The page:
Actually using a building, but without a lease

In franchising, it often happens that the business premises from which the franchisee operates his business is not owned by the franchisee, but is rented from the franchisor. In turn, the franchisor often rents the business premises from another party. If the lease between the franchisor and the (main) lessor comes to an end, the franchisee will in certain cases want to take on the rental obligations himself. This, for example, to prevent the business premises from having to be vacated, with all the consequences that entails for the franchisee.

In principle, there may be a negotiation period in which the franchisee and the (main) lessor try to reach an agreement. These negotiations can continue even after the (main) lease agreement between the (main) lessor and the franchisor has actually come to an end. In those cases, the franchisee may use the business premises without a rental agreement, but only with the permission of the (main) lessor.

If the parties eventually come to an agreement on a new rental agreement, the period of negotiations can be included in the new agreement, for example by allowing the rental agreement to take effect retroactively. But what if the parties cannot reach an agreement? Does the franchisee still have to pay rent for the period that he has actually used the business premises, but without a lease?

Recently, a court ruled on such a matter. The facts were as follows. The main lessor is the owner of a commercial building, which building was (sub)let to a franchisee of a sandwich shop formula. The main lease had come to an end in March 2008. Before the termination of the (main) rental agreement, the franchisee has approached the main lessor and requested it to enter into a new rental agreement directly with him. The parties subsequently negotiated for a considerable period of time, namely until February 2009, about entering into a new lease, but unfortunately were unable to reach an agreement in the end. The reasons for this are not explicitly stated in the court verdict.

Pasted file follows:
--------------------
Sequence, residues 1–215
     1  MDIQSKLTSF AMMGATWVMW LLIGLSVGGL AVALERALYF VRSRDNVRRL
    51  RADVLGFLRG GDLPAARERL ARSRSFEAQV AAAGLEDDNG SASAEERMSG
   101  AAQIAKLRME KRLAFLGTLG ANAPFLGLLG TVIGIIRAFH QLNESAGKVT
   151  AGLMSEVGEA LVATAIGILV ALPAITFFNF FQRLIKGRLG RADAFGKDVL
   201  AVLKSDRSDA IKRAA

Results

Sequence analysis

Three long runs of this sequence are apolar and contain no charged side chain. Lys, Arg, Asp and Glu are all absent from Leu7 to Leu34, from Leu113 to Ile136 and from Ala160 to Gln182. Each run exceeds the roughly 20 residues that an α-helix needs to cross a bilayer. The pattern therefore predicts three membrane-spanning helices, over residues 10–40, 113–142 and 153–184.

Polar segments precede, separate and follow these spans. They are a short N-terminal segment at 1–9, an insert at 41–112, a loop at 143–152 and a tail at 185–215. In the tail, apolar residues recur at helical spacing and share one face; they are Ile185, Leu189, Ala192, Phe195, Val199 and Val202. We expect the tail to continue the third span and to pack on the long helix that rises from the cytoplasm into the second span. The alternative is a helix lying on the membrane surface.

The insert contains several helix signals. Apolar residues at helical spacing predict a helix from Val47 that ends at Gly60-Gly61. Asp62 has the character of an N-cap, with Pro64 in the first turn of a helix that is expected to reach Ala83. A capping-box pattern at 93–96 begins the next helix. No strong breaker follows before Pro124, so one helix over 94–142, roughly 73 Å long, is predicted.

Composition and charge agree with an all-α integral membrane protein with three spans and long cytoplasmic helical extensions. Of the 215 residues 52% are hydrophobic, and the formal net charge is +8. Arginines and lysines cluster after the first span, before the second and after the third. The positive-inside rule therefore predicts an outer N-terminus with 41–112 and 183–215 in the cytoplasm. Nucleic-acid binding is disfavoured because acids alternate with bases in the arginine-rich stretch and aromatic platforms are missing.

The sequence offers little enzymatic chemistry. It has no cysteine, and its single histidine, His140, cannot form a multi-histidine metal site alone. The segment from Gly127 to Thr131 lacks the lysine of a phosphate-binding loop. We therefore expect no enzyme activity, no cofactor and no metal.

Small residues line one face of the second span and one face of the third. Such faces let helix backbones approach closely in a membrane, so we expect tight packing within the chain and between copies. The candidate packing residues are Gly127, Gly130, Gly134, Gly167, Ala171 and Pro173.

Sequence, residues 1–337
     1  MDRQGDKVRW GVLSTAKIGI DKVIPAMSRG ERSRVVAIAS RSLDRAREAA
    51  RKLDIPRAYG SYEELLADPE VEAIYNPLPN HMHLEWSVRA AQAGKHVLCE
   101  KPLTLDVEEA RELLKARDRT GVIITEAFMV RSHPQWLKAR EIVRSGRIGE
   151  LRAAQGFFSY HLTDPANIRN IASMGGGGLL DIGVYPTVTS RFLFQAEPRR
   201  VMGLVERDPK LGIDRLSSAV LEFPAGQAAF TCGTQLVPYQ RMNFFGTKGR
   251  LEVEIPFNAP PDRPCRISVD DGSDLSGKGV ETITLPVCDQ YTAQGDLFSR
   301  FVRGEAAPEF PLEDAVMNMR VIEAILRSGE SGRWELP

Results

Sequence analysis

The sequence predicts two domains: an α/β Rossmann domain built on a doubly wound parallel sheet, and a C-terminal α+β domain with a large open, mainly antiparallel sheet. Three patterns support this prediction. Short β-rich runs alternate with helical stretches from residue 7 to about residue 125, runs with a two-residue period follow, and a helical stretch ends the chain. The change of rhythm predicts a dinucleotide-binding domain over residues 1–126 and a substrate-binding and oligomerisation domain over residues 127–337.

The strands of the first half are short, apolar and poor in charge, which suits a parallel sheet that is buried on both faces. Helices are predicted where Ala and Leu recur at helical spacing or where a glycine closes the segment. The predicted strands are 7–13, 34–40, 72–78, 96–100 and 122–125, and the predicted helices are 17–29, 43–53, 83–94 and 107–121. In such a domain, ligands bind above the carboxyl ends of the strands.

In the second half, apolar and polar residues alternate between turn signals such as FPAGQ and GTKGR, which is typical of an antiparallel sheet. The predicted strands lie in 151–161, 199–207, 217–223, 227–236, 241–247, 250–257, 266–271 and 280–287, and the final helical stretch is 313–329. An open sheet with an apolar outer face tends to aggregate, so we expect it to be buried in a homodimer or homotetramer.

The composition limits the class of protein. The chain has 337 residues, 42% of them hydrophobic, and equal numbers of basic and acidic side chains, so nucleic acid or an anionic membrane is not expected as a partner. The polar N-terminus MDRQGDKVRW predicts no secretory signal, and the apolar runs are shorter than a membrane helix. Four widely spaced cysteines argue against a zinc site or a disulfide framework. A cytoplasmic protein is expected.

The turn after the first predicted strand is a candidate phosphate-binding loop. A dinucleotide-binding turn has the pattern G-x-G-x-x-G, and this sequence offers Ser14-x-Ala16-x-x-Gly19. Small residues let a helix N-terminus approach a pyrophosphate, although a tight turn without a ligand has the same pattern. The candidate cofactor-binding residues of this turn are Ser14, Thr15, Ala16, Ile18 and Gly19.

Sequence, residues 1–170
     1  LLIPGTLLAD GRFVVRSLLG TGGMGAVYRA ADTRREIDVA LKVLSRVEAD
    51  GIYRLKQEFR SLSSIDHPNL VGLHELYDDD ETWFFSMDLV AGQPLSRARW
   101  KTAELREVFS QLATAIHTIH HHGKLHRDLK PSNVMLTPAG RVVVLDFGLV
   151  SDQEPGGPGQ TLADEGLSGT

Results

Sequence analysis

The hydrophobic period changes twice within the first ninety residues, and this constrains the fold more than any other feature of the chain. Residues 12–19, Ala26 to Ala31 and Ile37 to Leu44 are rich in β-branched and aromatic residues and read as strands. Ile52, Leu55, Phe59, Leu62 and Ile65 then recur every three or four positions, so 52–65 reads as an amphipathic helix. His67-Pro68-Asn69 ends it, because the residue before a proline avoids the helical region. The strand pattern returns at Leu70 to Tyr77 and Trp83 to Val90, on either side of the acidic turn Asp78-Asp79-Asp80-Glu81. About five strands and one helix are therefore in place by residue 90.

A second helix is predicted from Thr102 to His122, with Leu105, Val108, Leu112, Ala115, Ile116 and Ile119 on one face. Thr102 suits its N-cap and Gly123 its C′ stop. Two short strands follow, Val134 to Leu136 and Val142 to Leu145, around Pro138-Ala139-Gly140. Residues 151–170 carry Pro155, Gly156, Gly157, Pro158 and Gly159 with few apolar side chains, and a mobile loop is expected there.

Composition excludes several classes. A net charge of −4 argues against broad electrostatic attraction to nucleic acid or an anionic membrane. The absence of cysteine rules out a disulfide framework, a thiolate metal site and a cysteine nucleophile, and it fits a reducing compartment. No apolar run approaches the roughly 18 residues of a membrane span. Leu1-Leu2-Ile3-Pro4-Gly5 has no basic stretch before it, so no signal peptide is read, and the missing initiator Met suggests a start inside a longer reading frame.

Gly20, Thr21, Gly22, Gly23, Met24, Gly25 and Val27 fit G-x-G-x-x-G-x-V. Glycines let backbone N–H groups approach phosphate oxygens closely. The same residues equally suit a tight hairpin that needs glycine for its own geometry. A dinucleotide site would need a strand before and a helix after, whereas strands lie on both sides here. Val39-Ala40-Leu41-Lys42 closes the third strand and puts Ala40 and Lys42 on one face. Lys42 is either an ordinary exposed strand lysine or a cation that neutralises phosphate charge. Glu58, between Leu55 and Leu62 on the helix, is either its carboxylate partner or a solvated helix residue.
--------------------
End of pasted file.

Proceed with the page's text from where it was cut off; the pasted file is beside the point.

During the eleven months that there was (no longer) a formal lease agreement, the franchisee actually continued to use the business space as a sandwich shop with the permission of the main lessor. When it became clear that no new lease would be concluded, the main lessor requested the franchisee to vacate the business premises. The franchisee has done this in a timely manner. The main lessor has also requested the franchisee to pay a “use fee” for the period when there was no (anymore) lease, but during which the franchisee did actually use the business space. However, the franchisee has refused to do so.

In the lawsuit that follows this conflict, the court finds that the franchisee actually used the business premises from March 2008 until the eviction in 2009, although there was no underlying lease agreement. The court nevertheless considers it plausible that there was some form of agreement between the parties about the payment of compensation to the main lessor. It follows from this that the main lessor could rely on the fact that the franchisee owed it a fee for the use of the business premises during the period of the negotiations. This fee is then determined on the basis of what the franchisee would have owed in rent if the (sub)lease agreement had still existed.

In short, the actual use of a business premises as a tenant, while no lease agreement exists, may in certain cases be accompanied by an obligation to pay a usage fee to the landlord, based on what the court has noted about the previous issue. It obviously makes sense to at least keep a reserve for such expenses should you find yourself in such a situation. 

Ludwig & Van Dam franchise attorneys, franchise legal advice

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